Nina's lies are so stupid.  Her behavior is foolish.  I skimmed a lot of the book and overall do not like it.

Monday, February 10, 2020

Sweet Dreams #27 Too Young for Love and #28 Trusting Hearts

Sweet Dreams #27, Too Young for Love, Gailanne Maravel, 1982

It looks like Tom and Killy's friendship is turning into romance... but then Tom finds out she's two years younger than the other kids at school.

Killy is miserable, until she leaves the whole mess behind, for a glamorous vacation in Italy.

When she gets back, she feels sophisticated and grown up.  But will Tom think so, too?

At first I thought that I wouldn't enjoy Killy's trip to Italy, but that is the best part of the book.  Killy meets Fabrio in Italy, and it is not a silly romance.  Killy and Fabrio are just very good friends, and Fabrio helps Killy grow as a person.  When Killy returns home, she is able to handle teasing better.

I enjoyed the fact that the main plot of the book wraps up a few chapters from the end, so the reader gets to enjoy Killy being happy.  So many of these books wait until the last one to three pages of the book for the protagonist to be happy, and I feel like that kind of ending is too abrupt.

This is a very good to excellent book.

Sweet Dreams #28, Trusting Hearts, Jocelyn Saal, 1982

When Kathy lands an after-school job as the assistant to the town's veterinarian, she knows she's found a career she'll always love.  At the same time, her old friend Dean has become more tender and romantic toward her.

Kathy's overjoyed, until Dean starts resenting the long hours she puts in at the animal hospital, and their new love seems about to fall apart.  She'd be lost without Dean, but she loves her new job just as much.  Will she have to make a choice between them?

I like this passage from page 171.  I removed some words so as not to spoil part of the plot.
"He was a fine vet, a good husband and father, a terrific practical joker, and a ------, too.  Just like a diamond, see, with lots and lots of facets.  That's what makes a person precious, Kathy.  That's what makes him interesting."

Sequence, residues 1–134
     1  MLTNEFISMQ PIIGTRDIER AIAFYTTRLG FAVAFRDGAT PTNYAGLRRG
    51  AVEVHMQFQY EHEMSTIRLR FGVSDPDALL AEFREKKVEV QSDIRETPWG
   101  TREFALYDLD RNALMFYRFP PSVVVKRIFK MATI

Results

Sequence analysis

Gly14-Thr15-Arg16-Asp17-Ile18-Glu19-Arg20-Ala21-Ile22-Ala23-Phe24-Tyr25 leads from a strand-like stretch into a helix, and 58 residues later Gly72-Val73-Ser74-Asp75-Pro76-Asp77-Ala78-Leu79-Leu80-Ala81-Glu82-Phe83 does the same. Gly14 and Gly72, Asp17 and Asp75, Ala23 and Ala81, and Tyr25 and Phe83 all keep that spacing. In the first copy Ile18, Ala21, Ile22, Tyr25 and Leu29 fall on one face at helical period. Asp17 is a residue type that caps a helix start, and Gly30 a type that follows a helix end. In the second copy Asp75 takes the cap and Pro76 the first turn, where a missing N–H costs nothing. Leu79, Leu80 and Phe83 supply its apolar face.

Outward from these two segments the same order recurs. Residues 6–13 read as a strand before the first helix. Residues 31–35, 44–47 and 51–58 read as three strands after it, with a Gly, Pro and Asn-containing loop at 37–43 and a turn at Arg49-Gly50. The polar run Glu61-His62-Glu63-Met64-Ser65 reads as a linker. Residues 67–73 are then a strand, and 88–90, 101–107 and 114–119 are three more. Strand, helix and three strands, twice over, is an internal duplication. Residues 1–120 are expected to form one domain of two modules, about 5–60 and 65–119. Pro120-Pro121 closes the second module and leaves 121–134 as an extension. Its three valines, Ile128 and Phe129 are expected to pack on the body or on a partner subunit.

I thought of Wildfire Romance #38 The Searching Heart as I read this book.  Both books were published in 1982 and have similar titles.  In both books, the protagonist wants to be a veterinarian.  The difference is that the Wildfire book is boring, and even worse, the Wildfire story includes three different scenes featuring animals being put to sleep.  What the heck?!

This book has none of that.  The details about the veterinarian clinic are interesting, and so is everything that Kathy does in her job.

This book is excellent.

Saturday, February 8, 2020

Sweet Dreams #25 Her Secret Self and #26 It Must Be Magic

Sweet Dreams #25 Her Secret Self, Rhondi Villot, 1982

Poor Joanne.  She's failing in school, her parents have grounded her and worst of all, Rob has just ditched her for another girl.

But Joanne's got a secret—she's a natural actress.  Who else but Brooke Shields could win Rob back?  And who but Barbara Walters could get an A in journalism class?  Joanne can play them both and lots of other stars as well.  And as long as she's acting, things go great.

Now Joanne thinks she's got her problems licked... all she has to do is play a part.  But then she meets Cliff and he wants to know the real Joanne.  But will she be able to drop her "act" and let Cliff see her secret self?

From page 161:
"I hate you, Joanne."

"Hate me if you have to," Joanne said tiredly.  "I'm sorry.  There are better things to do this spring than hate anybody."
This is a powerful moment, because the other girl is consumed by hatred.  Joanne has done nothing to her, and Joanne's response is perfect.

The first part of the book is overall good.  I never like the first part of many of these books due to the excessively stupid behavior of the girl.  The last half of the book is very good to excellent.

Sweet Dreams #26, It Must Be Magic, Marian Woodruff, 1982

When her high school holds its annual madcap Genie Week, Kerrie becomes the "master" of the boy of her dreams.  Mike Price makes her wishes his commands as shy, studious Kerrie suddenly finds herself one-half of Glenwood High's wildest couple.  But will Mike go back to doing gorgeous Marcy's bidding when Genie Week comes to an end?  Maybe if Kerrie wishes hard enough, Mike will still be hers when the week is over.

I don't like the premise of a book when it involves the protagonist attempting to steal a boyfriend away from another girl.  It's too Jessica Wakefield for my taste, and it's never as much fun in these books.  In fact, it's never fun unless Jessica does it.

The author misdirects the reader so effectively that the ending didn't satisfy me at all.  I was just taken aback, since I expected a different ending.  I didn't like this book very much, but I was able to read most of it